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Partners with Personality Disorders: Crazy-Making?

The world can be an unfriendly place, and defense mechanisms are how we survive. If you have a partner with a personality disorder, the way they use defense mechanisms can be confusing, frustrating, and crazy-making. You may continuously be taken by surprise when something that seems logical to you is twisted into something else that puts your partner into a rage.

As a result, you yourself likely use defense mechanisms in order to survive and try to maintain some harmony in the relationship.

Here are some of the common problems that play out in relationships where one person has a personality disorder:

  1. Splitting: One moment, you are perfect and can do no wrong; the next, you are being screamed at, ducking thrown objects, and rescuing items from being destroyed. People with borderline personality disorder (BPD) in particular struggle with the “gray” areas of situations, meaning that they tend to think in all-or-nothing terms. This then leads to either you and your behavior being “all good” or “all bad.” The famous book about BPD, titled I Hate You–Don’t Leave Me by Jerold J. Kreisman and Hal Straus, depicts another example of splitting. As the partner, it can be scary to wonder when the next turn is going to come, and what will trigger it. 
  2. Walking on eggshells: This is actually part of another book title that is related to having a family member with BPD, Stop Walking on Eggshells, written by Randi Kreger. As the partner of someone with a personality disorder, this is a defense mechanism you might employ in order to ward off attacks. The problem is that you are being inauthentic and compromising your own needs, wants, and values in favor of attempting to keep your partner happy. That behavior is not an ingredient for a healthy relationship.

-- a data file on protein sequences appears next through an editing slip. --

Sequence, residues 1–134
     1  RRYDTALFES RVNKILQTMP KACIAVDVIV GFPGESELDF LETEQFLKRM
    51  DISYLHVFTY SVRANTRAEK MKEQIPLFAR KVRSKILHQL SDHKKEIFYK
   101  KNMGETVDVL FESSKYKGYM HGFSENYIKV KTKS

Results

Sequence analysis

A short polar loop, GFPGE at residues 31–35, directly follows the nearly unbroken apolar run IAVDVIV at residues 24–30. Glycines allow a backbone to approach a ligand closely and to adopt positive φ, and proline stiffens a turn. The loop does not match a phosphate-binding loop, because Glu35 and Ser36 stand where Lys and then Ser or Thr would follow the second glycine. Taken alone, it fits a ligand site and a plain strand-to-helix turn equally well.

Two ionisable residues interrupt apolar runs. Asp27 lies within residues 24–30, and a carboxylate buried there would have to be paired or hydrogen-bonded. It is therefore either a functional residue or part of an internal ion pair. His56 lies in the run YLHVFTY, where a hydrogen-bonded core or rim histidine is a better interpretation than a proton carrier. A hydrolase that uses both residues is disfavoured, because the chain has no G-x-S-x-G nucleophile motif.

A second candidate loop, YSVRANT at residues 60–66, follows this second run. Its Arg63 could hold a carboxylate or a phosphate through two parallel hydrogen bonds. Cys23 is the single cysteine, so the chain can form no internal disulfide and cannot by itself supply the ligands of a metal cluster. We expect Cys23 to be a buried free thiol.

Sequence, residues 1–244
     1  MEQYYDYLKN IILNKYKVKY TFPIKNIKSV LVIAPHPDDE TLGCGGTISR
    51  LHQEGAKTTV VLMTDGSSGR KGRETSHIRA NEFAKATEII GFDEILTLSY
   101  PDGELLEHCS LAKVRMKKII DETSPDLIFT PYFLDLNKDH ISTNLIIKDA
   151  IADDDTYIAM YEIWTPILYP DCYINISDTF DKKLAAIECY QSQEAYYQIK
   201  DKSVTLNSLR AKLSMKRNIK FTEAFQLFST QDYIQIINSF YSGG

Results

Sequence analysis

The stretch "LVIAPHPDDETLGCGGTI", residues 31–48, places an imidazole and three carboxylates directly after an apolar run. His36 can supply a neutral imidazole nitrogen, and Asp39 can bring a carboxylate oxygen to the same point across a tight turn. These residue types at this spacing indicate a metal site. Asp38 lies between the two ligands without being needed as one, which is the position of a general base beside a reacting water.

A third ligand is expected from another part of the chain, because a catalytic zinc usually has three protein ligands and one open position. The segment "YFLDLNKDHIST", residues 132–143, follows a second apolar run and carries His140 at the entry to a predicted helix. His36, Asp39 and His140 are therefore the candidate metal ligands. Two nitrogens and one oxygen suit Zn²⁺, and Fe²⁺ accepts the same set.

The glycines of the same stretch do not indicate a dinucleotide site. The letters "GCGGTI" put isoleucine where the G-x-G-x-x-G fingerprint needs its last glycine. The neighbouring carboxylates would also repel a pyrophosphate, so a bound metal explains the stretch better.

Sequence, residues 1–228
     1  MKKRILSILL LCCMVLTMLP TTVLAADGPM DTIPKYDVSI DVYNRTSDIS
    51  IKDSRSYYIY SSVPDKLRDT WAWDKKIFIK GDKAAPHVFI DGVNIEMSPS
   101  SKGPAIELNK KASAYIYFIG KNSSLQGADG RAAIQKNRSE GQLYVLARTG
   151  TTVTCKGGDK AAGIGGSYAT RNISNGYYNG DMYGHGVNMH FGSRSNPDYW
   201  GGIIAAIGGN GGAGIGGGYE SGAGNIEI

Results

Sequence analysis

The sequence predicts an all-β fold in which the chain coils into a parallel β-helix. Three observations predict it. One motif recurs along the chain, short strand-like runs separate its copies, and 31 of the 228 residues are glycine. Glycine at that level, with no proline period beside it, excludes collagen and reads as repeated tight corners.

3. Confusing facts with feelings: Healthy people attribute what they are feeling to the facts: “I am feeling happy because it is a warm, sunny day”…”I feel proud because my child completed a community service project”…”I feel sad because my friend was sick and couldn’t go to lunch with me.” People with personality disorders sometimes twist the facts to fit the feelings. This can look like: “She cancelled lunch because she hates me”…”He only got that award because he’s the football coach’s son”…”I lost the job promotion because they don’t like my hair.”
  4. Projection–My feelings are really your feelings: Feelings can be painful, and when they are, we generally look for a quick fix to get rid of them. People with personality disorders often choose the option of projecting them onto someone else, therefore making you the bad guy. For example, you may have had a bad day at work and come home grumpy. Your partner may accuse you of “hating” them, when in reality, your mood has nothing to do with them. Another example is when someone with a personality disorder believes your intentions are sinister when they are not, such as believing you were flirting with the waitress when all you were doing was asking for a refill of your drink.
  5. It is always your fault: People with personality disorders thrive on finding the faults in others. Your partner may be irrationally upset about situations that are real or imagined (such as in the examples above). If you try to defend yourself or get upset, your partner may accuse you of being overly sensitive, or unable to tolerate criticism. It is a no-win situation…well, for you, at least. When the crisis is resolved, your partner may wonder why you are still upset.


Partners with Personality Disorders: Crazy-Making?

Kate Thieda

Kate Thieda, MS, LPCA, NCC, is a patient advocate for Women's and Children's Services at Duke University Hospital in Durham, North Carolina. She is a licensed professional counselor associate and a National Certified Counselor who specializes in cognitive-behavioral and dialectical behavior therapies. Her book, Loving Someone With Anxiety, will be published by New Harbinger in the spring of 2013.

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APA Reference
Thieda, K. (2019). Partners with Personality Disorders: Crazy-Making?. Psych Central. Retrieved on November 25, 2020, from


Last updated: 31 Mar 2019
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